Wife, mother, medical secretary, unofficial social worker. Born on March 30, 1919, in Toronto; died on July 9, 2016, in Toronto, of natural causes, aged 97.
“Two bathrooms and two TVs.” That was Mom`s stock response to the oft-repeated question about what accounted for the success of her extraordinarily happy 73-year marriage.
She grew up the only daughter in a family of five boys born to Russian Jewish immigrants. Her experiences as a first-generation Canadian influenced her entire life. Her father died when she was young and her mother took in boarders to support the family. Toronto in the 1930s and ’40s was a very different place. When Florence Warshavsky applied for a job as a receptionist, she was asked: “Are you of the Jewish persuasion?” She answered honestly and, coincidentally, did not get the position.
She was 16 when she met Irving Rother and, despite her numerous stories of a busy teenage social life, he was always “the one.” They married just as Irving entered the Royal Canadian Army Medical Corps in 1943 and immediately moved to Ottawa, where she remained while he served overseas in England and Belgium.
Theirs was a true partnership. When Irv returned home and was unable to secure a medical residency because of the common practice of Jewish “quotas” for specialty training, Florence typed dozens of applications to U.S. hospitals. They settled in Baltimore where she worked as a medical secretary, supporting the two of them while he finished his medical studies. The lure of a more open, accepting U.S. society was strong, but the pull of their two extended families proved stronger and they returned to Toronto in 1948 after the birth of their first child, Annalee.
Irving specialized in hematology, a relatively new field at the time. As his practice grew, Florence was often light-heartedly accused of practising medicine without a licence. It was an era when patients called doctors at home and if Irv wasn’t around, she would speak with the patients. At the end of a conversation, the patient often no longer needed to talk to the doctor. She always understood the importance of careful listening and emotional support.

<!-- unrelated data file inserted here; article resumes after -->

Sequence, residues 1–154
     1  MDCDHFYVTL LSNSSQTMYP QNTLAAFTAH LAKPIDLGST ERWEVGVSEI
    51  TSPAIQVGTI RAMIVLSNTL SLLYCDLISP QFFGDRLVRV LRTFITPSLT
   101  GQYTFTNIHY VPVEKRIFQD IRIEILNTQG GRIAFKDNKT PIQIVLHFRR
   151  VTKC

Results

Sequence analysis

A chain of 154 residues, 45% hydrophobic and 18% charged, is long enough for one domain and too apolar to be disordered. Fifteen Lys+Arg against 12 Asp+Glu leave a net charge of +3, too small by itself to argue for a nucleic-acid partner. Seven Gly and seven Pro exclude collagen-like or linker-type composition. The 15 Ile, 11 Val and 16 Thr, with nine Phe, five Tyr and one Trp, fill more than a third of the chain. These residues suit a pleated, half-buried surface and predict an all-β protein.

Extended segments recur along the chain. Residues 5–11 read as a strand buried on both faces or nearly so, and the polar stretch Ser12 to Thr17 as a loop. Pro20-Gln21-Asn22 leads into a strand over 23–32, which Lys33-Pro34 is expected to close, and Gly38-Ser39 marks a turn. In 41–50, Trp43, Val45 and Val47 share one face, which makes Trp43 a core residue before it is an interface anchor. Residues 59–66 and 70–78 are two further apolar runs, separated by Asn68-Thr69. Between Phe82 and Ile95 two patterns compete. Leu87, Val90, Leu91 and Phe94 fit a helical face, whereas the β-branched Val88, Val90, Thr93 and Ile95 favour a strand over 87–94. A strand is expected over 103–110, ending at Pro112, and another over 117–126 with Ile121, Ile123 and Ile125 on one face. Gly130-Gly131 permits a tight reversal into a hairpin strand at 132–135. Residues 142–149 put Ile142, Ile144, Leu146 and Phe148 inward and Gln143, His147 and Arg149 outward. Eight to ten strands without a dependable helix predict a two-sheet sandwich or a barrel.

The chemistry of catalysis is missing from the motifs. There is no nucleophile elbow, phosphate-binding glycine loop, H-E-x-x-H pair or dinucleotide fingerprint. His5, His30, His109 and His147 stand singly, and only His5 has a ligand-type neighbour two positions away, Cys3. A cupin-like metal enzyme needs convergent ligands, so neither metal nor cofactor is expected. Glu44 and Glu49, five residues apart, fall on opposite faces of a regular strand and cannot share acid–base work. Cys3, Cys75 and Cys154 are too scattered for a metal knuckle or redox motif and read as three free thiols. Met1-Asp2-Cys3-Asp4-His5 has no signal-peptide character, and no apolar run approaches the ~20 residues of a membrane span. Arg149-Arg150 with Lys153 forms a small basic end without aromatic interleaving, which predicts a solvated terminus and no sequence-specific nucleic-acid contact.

Eventually three more children (Judy, Barbara and Mark) arrived and, busy with her young family and a large old home, Florence chose to have an extra pair of hands around. These helpers were frequently new immigrants who seldom lasted longer than a couple of years. It wasn’t that they were unhappy in the job, but rather that Mom was convinced that household work was only a stepping stone for these newcomers. She found the closest English-language programs for them to attend, helped them learn how to use the transit system, and researched night classes that might lead to good careers. They frequently came back to visit her (and we know of at least one child named in Mom’s honour).
Perhaps because her own formal education was abbreviated by the Depression, Florence was a lifelong learner, attending lectures and cultural events. When Irving retired at 75, they continued to pursue their passion for early Canadian art. They also spent endless hours exploring far-flung neighbourhoods in their beloved hometown.
Florence welcomed six grandchildren and three great-grandchildren. At 93, she and Irving danced at their granddaughter’s wedding. She died in the house where she had lived for 67 years, her adored husband by her side. In her final years, she frequently expressed gratitude for a long life filled with much good fortune and few tears.
Annalee Schnurr is Florence’s daughter.Report Typo/Error
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